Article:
Milosevic wants Yugoslav political role

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The Independent Online

Defiant Slobodan Milosevic has said he wants to remain in politics on Yugoslavia despite his apparent overthrow from power.

Defiant Slobodan Milosevic has said he wants to remain in politics on Yugoslavia despite his apparent overthrow from power.

Milosevic told Russian Foreign Minister Ivan Ivanov at a meeting at his Belgrade home that he wants to stay as head of the Socialist Party.

He also appeared on television looking tired after yesterday's demonstrations which saw his presidency all but vanish.

His stubborn defiance came shortly after the UN repeated its request for Yugoslavia to hand over Milosevic to stand trial for war crimes and possible genocide.

In a statement broadcast by a TV station operated by his allies, his first since the uprising, Milosevic denounced demonstrators as a threat to the Yugoslav state.

The statement said: "It was agreed that violence and destructive riots jeopardize the functioning of the state.

Such behavior "weakens the state, which is only in the interest of the country's enemies".

According to the statement, Ivanov conveyed "greetings from Russian President Vladimir Putin, along with hopes and wishes of Russia for a peaceful resolution of the ongoing problems in Yugoslavia, through legal means and with respect to the constitution, without interference from abroad".

The statement said the only solution is through respect of the constitution, the law, the safety of all citizens and a peaceful resolution of all matters in tune with national and state interests. The report also said that the meeting between Milosevic and Ivanov was attended by Yugoslav foreign minister, Zivadin Jovanovic. There was no confirmation from Russian sources.

Ivanov said: "Being the leader of the largest political party in Serbia, he intends to continue to play a political role in the country."

The Russian official also met Milosevic's challenger, Vojislav Kostunica, and congratulated him on his "victory" in last month's disputed elections.

The US immediately said it would not support any future role for Milosevic.

"We would not support any continued role for Milosevic in Yugoslavia", White House spokesman Jake Siewert said.

Siewert also said Washington would not "endorse nor support" any move for a foreign country to give Milosevic asylum.

Asked whether the United States recognised opposition leader Kostunica as president of Yugoslavia, Siewert said: "We have said for some time that he is the democratically elected leader of Serbia. He is the president, and we look forward to working with him and his government."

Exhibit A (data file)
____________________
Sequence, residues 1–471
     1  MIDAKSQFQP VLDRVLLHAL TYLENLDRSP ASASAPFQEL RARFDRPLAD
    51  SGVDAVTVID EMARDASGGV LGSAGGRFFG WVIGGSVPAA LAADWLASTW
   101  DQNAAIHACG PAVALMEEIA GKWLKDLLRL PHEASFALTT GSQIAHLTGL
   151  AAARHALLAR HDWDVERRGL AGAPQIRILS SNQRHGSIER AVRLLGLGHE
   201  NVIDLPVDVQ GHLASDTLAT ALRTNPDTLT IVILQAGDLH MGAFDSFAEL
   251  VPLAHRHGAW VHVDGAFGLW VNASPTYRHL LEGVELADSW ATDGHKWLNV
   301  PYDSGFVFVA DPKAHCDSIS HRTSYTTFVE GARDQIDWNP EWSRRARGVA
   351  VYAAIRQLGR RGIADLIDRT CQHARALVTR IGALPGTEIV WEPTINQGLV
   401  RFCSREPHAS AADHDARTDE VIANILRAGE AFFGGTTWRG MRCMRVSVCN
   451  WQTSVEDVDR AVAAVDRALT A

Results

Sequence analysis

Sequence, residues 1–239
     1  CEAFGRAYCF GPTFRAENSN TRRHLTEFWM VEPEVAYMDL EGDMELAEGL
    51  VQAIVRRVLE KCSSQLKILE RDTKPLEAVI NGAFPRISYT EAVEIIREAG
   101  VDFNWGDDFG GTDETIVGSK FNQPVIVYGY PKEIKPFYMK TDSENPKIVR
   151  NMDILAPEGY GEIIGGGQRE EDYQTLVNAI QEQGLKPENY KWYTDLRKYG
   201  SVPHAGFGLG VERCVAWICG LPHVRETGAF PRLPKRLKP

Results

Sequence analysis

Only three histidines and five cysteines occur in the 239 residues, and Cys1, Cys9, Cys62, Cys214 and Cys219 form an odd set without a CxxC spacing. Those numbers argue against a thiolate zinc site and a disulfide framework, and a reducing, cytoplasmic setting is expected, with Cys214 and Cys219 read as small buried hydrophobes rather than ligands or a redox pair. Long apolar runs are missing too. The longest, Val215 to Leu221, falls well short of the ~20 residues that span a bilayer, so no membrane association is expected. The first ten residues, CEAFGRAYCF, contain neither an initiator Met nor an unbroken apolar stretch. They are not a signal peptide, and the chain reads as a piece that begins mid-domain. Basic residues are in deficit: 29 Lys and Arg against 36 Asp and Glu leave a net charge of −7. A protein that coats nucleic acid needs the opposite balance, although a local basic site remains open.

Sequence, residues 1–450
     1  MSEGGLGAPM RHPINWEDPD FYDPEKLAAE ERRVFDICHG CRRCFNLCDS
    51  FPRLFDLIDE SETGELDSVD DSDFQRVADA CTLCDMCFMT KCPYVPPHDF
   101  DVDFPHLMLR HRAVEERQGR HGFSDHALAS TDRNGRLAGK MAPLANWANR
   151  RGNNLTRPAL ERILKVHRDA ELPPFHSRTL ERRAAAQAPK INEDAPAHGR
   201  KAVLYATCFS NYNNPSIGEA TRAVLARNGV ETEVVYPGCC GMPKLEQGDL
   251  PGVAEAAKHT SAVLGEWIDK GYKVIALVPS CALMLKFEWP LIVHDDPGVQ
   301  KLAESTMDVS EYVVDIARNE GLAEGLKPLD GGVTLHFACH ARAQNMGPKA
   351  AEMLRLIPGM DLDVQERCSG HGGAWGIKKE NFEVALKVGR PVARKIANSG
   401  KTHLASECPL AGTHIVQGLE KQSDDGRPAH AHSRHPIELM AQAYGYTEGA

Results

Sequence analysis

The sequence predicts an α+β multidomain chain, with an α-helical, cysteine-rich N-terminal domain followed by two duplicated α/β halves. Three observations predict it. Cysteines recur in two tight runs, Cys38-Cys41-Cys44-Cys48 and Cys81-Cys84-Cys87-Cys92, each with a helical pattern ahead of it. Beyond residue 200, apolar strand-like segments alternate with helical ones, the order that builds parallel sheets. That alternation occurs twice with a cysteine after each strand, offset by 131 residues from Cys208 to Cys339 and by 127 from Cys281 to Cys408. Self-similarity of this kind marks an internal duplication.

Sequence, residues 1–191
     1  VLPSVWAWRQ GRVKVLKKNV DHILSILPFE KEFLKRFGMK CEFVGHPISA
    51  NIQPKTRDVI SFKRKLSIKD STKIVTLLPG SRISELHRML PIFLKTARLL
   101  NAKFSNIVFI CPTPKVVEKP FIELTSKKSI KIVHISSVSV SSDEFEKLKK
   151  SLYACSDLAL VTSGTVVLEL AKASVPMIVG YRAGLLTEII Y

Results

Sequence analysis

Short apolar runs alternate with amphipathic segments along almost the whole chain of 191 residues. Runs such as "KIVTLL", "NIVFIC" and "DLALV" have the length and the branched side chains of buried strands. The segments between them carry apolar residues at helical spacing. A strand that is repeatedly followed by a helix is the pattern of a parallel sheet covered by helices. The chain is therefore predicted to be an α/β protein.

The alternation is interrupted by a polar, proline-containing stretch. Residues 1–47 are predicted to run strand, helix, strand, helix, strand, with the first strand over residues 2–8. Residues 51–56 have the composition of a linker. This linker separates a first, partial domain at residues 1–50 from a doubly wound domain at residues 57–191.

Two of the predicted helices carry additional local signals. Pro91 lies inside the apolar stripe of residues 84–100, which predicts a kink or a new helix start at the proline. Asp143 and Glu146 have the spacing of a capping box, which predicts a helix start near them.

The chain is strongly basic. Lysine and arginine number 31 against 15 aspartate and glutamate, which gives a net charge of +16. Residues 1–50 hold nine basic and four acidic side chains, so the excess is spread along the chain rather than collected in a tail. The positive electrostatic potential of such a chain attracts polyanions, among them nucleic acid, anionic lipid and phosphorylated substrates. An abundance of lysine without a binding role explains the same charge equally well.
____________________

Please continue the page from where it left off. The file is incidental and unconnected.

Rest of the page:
He said the United States, working with its European allies, would move quickly to lift international sanctions on Yugoslavia once it was clear Milosevic had been removed from power.

And he added: "Once it's clear that Milosevic is gone, and that the democratic transition is complete, we'll move quickly with our European allies to begin to take the steps that are necessary to remove those sanctions."

Meanwhile, the Belarusian Prime Minister Vladimir Yermoshin said his country would consider an asylum request from Milosevic if he flees Yugoslavia.

"If the appeal is made, competent agencies will consider it," Yermoshin said on Belarusian television from Kazakstan, where he was meeting with the prime ministers of four other former Soviet republics.

Earlier US Secretary of State Madeleine Albright welcomed Russia's recognition of Kostunica but warned Milosevic may still be capable of sparking bloodshed.

The US administration had been wary of Russian diplomatic moves in Belgrade pending Moscow's public acceptance that Kostunica won the election.

In an important change on Friday, Russia joined an international outpouring of support for Kostunica and dropped its support for Milosevic, an old ally who is the first sitting chief of state to be indicted for war crimes.

In interviews on US television programmes, Albright said the important thing now was to help solidify Kostunica's position.

She appeared to shift US emphasis away from ensuring that Milosevic be brought before an international war crimes tribunal in The Hague to consolidation of Kostunica's control.

"We have said that (the war crimes prosecution) is very important but I think that (at) this moment, what is very important is to support the people of Serbia, support Mr. Kostunica, and make sure that this is a total victory," she said.

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